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NTSB to FAA: Large planes need collision-avoidance systems

September 05, 2012|By Michael Muskal
  • National Transportation Safety Board Chairwoman Deborah A.P. Hersman speaks during a hearing last month.
National Transportation Safety Board Chairwoman Deborah A.P. Hersman… (Carolyn Kaster / Associated…)

Large commercial aircraft should have a ground-collision warning system, such as an onboard external-mounted camera, the National Transportation Safety Board said Wednesday.

The board recommended that the Federal Aviation Administration require  collision-avoidance equipment, such as cameras, on large airplanes so that pilots can have a clear view of the planes' wingtips. The recommendation comes after three accidents in which large airplanes collided with other aircraft while taxiing.

All of the incidents are under investigation by the NTSB.

The FAA has 90 days to respond.

“A system that can provide real-time information on wingtip clearance in relation to other obstacles will give pilots of large airplanes an essential tool when taxiing,” NTSB Chairman Deborah A.P. Hersman said in a statement. “While collision warning systems are now common in highway vehicles, it is important for the aviation industry to consider their application in large aircraft.”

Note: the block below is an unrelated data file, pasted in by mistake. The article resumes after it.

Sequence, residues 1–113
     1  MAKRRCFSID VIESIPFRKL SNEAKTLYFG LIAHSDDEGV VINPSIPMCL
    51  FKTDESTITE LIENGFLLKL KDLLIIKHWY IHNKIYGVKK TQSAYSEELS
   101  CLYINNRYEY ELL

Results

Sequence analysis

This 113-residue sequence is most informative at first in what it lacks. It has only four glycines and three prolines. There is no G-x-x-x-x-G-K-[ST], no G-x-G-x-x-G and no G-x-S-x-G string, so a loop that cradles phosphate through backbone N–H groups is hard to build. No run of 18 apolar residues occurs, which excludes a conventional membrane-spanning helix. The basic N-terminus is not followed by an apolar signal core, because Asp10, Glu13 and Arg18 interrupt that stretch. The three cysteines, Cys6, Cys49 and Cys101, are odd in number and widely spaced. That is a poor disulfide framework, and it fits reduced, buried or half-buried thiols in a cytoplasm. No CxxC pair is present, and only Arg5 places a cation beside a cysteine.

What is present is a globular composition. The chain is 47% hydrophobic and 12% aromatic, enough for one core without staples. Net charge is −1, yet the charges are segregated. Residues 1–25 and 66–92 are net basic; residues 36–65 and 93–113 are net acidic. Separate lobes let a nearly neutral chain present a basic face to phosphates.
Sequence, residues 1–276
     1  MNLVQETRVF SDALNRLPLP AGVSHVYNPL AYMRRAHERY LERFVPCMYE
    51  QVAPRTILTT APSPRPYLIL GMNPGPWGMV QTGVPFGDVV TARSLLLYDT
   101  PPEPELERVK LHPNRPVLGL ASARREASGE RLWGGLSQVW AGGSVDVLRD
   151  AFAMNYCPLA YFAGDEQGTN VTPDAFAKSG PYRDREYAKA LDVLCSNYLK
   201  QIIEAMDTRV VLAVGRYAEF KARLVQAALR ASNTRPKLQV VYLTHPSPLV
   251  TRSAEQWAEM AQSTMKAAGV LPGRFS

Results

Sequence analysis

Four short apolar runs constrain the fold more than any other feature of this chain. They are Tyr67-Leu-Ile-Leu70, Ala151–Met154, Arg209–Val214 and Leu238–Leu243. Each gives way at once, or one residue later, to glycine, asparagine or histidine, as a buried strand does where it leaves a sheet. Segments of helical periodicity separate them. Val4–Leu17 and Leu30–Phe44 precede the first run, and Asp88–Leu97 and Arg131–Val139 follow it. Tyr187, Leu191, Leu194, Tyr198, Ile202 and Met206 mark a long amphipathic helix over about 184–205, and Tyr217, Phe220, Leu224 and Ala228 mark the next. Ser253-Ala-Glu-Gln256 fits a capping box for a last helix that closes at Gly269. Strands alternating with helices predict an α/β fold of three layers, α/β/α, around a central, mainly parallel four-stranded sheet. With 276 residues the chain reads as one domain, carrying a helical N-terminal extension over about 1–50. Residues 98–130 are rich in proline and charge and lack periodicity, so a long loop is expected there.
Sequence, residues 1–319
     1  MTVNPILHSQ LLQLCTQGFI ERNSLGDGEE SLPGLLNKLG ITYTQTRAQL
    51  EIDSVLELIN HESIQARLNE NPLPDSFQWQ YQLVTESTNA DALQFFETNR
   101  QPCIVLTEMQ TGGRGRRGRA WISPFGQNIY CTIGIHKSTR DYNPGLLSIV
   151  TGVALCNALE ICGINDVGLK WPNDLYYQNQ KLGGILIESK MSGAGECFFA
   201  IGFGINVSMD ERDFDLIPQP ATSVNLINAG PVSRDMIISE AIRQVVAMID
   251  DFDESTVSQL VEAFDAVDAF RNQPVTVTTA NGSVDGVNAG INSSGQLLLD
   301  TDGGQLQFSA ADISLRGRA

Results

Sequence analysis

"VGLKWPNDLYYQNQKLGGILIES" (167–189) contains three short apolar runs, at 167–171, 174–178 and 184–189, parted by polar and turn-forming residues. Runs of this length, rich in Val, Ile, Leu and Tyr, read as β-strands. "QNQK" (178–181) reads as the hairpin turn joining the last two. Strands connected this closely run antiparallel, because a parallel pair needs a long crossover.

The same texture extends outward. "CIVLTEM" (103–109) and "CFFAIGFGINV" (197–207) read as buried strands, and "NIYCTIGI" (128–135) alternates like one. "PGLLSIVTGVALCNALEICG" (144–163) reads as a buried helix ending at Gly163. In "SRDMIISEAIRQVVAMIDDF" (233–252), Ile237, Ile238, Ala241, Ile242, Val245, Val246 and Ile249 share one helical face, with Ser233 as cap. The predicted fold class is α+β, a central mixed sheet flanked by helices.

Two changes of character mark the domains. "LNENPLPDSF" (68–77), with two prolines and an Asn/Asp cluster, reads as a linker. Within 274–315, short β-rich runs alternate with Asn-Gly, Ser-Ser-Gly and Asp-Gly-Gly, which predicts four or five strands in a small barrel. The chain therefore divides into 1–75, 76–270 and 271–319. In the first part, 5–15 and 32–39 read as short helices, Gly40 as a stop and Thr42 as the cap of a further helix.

The recommendation would apply to large craft such as the Boeing 747, 757, 767 and 777; the Airbus A380; and the McDonnell Douglas MD-10 and MD-11. The anti-collision materials should be installed on existing planes as well as new planes, the board said.

On July 2011, a Delta flight at Boston's Logan International Airport had an accident with an Atlantic Southeast Airlines flight. Both planes were damaged.

An Air France plane hit a regional jet flown by Comair on a wet tarmac at John F. Kennedy International Airport in April 2011.

In May, at Chicago’s O'Hare International Airport, the wing of a cargo plane clipped the rudder of an American Eagle flight.


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